The Works of the Rev. Jonathan Swift/Volume 7/To Love
IN all I wish, how happy should I be,
Thou grand Deluder, were it not for thee!
So weak thou art, that fools thy power despise;
And yet so strong, thou triumph'st o'er the wise.
Thy traps are laid with such peculiar art,
They catch the cautious, let the rash depart.
Most nets are fill'd by want of thought and care:
But too much thinking brings us to thy snare;
Where, held by thee, in slavery we stay,
And throw the pleasing part of life away.
But, what does most my indignation move,
Discretion! thou wert ne'er a friend to Love:
Thy chief delight is to defeat those arts,
By which he kindles mutual flames in hearts;
While the blind loitering God is at his play,
Thou steal'st his golden pointed darts away:
Those darts which never fail; and in their stead
Convey'st malignant arrows tipt with lead:
The heedless God, suspecting no deceits,
Shoots on, and thinks he has done wondrous feats;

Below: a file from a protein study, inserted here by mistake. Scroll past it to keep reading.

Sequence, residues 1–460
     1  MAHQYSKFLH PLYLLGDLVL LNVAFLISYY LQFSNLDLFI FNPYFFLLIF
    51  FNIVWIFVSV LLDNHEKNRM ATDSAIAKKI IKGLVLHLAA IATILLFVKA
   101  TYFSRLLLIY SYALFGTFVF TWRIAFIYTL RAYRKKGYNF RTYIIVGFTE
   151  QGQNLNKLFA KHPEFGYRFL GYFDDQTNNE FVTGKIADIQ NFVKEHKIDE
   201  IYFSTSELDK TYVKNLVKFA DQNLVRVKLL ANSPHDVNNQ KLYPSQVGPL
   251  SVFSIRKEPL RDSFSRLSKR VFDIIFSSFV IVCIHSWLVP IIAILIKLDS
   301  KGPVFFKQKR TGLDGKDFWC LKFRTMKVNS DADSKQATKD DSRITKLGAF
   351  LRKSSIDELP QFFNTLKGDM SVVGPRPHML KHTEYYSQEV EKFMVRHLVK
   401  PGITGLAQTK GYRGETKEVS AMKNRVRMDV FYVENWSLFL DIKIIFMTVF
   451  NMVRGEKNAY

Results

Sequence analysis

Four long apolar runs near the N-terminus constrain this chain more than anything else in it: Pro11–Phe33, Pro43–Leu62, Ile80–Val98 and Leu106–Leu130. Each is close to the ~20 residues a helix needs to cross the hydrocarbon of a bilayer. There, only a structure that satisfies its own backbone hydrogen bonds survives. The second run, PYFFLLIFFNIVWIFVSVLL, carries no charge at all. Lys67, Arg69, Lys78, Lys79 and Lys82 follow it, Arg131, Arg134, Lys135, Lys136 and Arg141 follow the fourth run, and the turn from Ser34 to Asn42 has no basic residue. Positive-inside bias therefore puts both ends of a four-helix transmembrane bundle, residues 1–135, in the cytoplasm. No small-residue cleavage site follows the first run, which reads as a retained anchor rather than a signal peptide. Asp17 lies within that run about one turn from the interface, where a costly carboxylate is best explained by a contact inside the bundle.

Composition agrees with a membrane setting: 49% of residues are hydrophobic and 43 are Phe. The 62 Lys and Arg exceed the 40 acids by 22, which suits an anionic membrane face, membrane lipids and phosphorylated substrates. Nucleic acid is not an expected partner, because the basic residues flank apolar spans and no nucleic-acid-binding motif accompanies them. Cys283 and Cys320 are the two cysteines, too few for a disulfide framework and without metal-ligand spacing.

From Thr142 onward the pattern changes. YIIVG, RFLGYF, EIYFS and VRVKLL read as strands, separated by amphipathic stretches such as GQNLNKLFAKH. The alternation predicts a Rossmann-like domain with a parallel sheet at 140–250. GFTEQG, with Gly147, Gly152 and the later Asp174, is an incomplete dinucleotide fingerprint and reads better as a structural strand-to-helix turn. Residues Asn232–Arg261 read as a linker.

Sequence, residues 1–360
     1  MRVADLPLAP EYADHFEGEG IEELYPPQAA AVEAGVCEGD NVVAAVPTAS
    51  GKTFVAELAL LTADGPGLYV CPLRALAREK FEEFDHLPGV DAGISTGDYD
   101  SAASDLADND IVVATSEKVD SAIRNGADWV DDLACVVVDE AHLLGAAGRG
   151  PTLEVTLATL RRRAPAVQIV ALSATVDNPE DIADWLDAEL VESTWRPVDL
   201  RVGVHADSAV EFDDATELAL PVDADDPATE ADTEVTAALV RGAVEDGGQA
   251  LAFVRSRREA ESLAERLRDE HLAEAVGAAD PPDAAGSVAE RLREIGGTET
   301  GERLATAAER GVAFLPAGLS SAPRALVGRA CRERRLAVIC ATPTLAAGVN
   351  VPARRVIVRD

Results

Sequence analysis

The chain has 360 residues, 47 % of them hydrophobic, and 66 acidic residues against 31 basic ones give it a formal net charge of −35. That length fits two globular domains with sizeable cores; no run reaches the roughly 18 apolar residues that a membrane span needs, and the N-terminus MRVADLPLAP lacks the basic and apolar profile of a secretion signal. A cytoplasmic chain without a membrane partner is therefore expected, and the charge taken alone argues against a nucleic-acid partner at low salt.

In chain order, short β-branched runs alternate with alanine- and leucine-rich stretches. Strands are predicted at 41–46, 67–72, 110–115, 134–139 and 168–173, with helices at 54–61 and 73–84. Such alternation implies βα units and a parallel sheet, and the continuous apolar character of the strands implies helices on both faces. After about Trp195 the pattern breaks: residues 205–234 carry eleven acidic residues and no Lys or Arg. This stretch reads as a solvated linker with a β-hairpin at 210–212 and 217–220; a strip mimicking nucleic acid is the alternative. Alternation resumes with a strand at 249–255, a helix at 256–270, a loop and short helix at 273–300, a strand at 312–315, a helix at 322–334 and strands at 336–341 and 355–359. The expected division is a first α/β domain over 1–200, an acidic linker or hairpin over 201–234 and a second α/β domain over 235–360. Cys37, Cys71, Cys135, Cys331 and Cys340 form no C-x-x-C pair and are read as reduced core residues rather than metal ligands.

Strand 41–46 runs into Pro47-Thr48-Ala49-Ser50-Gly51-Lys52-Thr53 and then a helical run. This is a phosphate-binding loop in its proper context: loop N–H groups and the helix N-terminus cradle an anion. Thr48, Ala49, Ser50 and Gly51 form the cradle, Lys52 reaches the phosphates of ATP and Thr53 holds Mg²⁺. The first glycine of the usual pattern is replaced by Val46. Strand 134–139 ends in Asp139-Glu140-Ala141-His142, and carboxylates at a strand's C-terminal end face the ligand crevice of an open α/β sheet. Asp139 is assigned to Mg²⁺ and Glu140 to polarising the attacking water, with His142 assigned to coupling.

But the poor nymph, who feels her vitals burn,
And from her shepherd can find no return,
Laments, and rages at the power divine,
When, curst Discretion! all the fault was thine:
Cupid and Hymen thou hast set at odds,
And bred such feuds between those kindred gods,
That Venus cannot reconcile her sons;
When one appears, away the other runs.
The former scales, wherein he us'd to poise
Love against love, and equal joys with joys,
Are now fill'd up with avarice and pride,
Where titles, power, and riches, still subside.
Then, gentle Venus, to thy father run,
And tell him, how thy children are undone;
Prepare his bolts to give one fatal blow.
And strike Discretion to the shades below.